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Forum Name: Endocrinology Topics

Question: When Will I Be Able to STOP Increasing Synthryoid?


 outofwhack - Fri Apr 24, 2009 3:52 pm

I was diagnosed with Hashimoto's in June of 2007. I was an extremely healthy, athletic, 22-year-old female. I immediately started at 25mcg of Synthroid and have since struggled to stay within the normal TSH range of 0.3-3.0. I understand that my thyroid is slowly "dying off" and should soon be finished working. However, after two years of this I'm still nowhere near the normal range and cannot seem to get close. I now have a TSH of 5.8 and just upped my Synthroid to 200mcg. The best I ever felt was when my TSH was as close to 1.0 as possible.

It has been so long since I've felt good. I'm constantly exhausted, have extremely thin hair and dry skin, and have steadily gained 25 pounds while exercising constantly and eating a very healthy diet. I am 5'5" and was 120 pounds for years until I developed Hashimoto's. I now am around 145 pounds and the weight gain does not seem to stop even though I probably eat around 1500 calories a day.

I am now 24 and am so frustrated. I'm afraid my weight gain is making me depressed. When will this stop? When will my thyroid levels level off for good?

Thank you for your time.
 endomess - Fri Oct 23, 2009 8:49 am

Im not a doctor but I ran into a problem that you may be having.

I started on thyroid medicine and it worked a little bit, but increasing dosage had no effect.
Later I discovered my low cortisol production was effectively blocking absorption of the thyroid medication. Cortisol is required to shuttle the T4/T3 to the cells.

My cortisol was fine in the morning but fell off a cliff by 11am, so it fooled my doctors for a long time. My thyroid medication made me feel like hell with more fatigue. Get a saliva test you can take at 4 different times during the day to make sure you cortisol is within range for the whole day.
 Dr.M.Aroon kamath - Fri Oct 30, 2009 12:45 am

User avatar Hi outofwhack,
It is somewhat odd that your serum TSH level remains high despite seemingly adequate therapy.What may be the reasons?
It may not be out of place to mention the terms 'pharmacokinetics' and 'pharmacodynamics' - which primarily determine how and how good a drug's efficacy is going to be.

Often, when we purchase an electrical/electronic implement, we fail to read the manufaturer's instructions(resulting in break-downs).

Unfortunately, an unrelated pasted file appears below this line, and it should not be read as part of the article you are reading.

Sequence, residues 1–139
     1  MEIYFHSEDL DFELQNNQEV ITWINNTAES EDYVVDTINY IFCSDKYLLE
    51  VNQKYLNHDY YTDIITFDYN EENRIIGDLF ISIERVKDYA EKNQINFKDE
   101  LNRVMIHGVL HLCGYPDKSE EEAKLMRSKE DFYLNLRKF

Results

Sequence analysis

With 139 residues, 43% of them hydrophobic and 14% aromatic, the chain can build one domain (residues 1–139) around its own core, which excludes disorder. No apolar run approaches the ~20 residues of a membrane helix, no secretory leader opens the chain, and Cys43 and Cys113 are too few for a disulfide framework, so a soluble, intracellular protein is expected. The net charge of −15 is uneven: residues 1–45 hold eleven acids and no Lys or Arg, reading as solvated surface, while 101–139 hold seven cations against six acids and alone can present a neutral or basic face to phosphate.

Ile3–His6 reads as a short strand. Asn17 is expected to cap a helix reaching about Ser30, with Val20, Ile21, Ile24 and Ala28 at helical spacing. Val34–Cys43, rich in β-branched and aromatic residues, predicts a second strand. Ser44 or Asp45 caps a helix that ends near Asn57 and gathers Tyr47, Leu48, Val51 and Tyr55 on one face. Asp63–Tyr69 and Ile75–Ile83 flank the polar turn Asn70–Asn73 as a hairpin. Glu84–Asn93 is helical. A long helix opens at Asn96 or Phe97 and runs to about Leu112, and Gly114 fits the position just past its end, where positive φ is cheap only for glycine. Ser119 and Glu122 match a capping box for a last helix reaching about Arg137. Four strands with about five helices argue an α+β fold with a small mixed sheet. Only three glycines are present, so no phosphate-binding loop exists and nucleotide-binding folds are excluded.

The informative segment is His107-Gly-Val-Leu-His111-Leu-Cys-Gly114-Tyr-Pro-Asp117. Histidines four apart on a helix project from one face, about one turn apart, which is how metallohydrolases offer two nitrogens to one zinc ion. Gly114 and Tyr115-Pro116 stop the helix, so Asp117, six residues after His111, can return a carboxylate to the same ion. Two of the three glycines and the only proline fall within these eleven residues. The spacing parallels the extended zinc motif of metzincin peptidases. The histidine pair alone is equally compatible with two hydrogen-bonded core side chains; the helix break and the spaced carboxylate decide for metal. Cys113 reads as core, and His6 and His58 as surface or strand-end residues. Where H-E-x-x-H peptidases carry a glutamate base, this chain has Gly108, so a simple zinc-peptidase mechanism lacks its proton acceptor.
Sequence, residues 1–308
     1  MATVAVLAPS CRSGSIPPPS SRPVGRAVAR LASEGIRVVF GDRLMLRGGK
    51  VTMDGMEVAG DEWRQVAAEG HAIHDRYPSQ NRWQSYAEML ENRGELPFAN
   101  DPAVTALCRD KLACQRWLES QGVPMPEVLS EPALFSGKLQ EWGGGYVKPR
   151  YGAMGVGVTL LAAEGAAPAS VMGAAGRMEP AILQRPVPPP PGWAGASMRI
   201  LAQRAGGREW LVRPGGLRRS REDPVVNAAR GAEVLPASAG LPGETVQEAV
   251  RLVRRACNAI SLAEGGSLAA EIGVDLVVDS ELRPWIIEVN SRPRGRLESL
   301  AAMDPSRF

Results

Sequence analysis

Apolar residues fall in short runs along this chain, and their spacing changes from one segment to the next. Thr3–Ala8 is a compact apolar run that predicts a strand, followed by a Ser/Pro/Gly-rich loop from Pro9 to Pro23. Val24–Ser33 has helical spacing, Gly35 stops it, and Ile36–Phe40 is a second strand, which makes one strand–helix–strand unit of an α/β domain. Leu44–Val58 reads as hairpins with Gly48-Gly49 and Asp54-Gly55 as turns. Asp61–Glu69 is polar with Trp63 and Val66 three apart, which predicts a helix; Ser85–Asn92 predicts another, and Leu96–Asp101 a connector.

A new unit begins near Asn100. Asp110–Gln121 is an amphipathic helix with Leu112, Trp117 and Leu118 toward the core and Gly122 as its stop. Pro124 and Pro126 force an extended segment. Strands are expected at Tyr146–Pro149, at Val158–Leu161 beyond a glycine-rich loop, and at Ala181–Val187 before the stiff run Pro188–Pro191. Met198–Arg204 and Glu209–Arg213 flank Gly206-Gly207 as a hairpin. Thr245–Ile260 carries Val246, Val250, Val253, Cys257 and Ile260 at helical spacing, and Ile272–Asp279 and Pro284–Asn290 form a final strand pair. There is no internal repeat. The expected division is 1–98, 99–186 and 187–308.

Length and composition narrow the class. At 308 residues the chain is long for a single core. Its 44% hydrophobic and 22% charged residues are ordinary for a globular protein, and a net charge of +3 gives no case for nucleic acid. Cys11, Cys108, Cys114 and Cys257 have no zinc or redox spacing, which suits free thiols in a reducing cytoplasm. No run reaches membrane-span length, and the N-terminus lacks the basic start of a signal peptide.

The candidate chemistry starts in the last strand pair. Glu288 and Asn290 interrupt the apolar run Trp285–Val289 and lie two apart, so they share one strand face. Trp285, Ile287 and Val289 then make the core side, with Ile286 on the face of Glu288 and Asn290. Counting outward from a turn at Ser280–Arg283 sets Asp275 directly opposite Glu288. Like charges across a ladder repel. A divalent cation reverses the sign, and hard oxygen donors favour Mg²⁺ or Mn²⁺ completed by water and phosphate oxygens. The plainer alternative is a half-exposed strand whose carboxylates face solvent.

Here are some of the recommendations and facts from manufacturers of Thyroxin:

- Keep your tablets in the bottle until it is time to take them (It is therefore very important that thyroxine tablets should be kept in their original container and stored out of sunlight in a cool dry place).

- If you take the tablets out of the bottle they may not keep well.

- Keep in a cool dry place away from light where the temperature stays below 25°C.
(Thyroxine is stable in dry air, but unstable in the presence of light, heat and humidity. In some cases , thyroxine tablets have been unstable even at room temperature, and storage temperatures of 8°C to 15°C were required to maintain potency).

- Administration should preferably be on an empty stomach

- Following oral administration, the absorption of levothyroxine is incomplete and variable (50 to 75%), especially when taken with food (Patients should ideally take thyroxine 30–60 minutes before breakfast in order to maximise absorption. If this is too difficult or threatens compliance, the patient may try taking the tablet last thing at night on an empty stomach. Patients who still decide to take their tablets with, rather than before, breakfast need to do this consistently -otherwise fluctuating thyroxine concentrations may result. Depending upon the fibre and milk content of the meal, taking thyroxine with a meal may require a larger dose to maintain euthyroidism, because of the decreased bioavailability)..

Absorbtion may be adversely affected by:

- large amounts of soy products or a high-fiber diet.
- Iron supplements including multivitamins that contain iron
- Cholestyramine , a medication used to lower blood cholesterol levels
- Aluminum hydroxide, which is found in some antacids
- Sodium polystyrene sulfonate (Kayexalate), used in prevention of high blood potassium levels
- Sucralfate, a peptic ulcer medication
- Calcium supplements

- Phenobarbital induces hepatic enzymes and increases the rate of degradation of thyroid hormones. The dosage of levothyroxine may need to be increased when concurrent therapy with phenobarbital is employed.

- Due to potential differences in potency and bioavailability, different levothyroxine products may not be interchangeable. Patients stabilized on a particular brand of levothyroxine should not be unnecessarily switched to another brand. When such a brand change is necessary, the patients must be carefully re-evaluated to assess the potential need for dosage adjustment.

- Estrogens increase serum thyroxine-binding globulin levels, thereby decreasing the unbound fractions of T3 and T4. Administration of estrogen-containing preparations (such as oral contraceptives) to hypothyroid patients may cause an increase in their levothyroxine requirements.

As far as the effects of cortisol on T4-T3 conversion is concerned (post by endomess), the evidence so far is weak and you can perhaps get more info about this in "Journals of Alternative Medicine"(for example: Alternative medicine review).

Kindly go through these instructions critically, introspect, and see if in any way some of these facts have any bearing in your unusual case.
Good luck!

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